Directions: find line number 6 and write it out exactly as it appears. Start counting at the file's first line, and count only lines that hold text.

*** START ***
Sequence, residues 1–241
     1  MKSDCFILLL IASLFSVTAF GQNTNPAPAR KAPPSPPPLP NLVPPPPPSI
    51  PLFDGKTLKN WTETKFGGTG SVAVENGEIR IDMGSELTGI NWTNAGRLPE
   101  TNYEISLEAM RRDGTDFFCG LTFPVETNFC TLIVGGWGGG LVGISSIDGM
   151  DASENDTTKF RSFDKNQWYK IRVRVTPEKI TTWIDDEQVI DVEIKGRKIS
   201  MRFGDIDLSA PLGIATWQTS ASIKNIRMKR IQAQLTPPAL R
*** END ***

   201  MRFGDIDLSA PLGIATWQTS ASIKNIRMKR IQAQLTPPAL R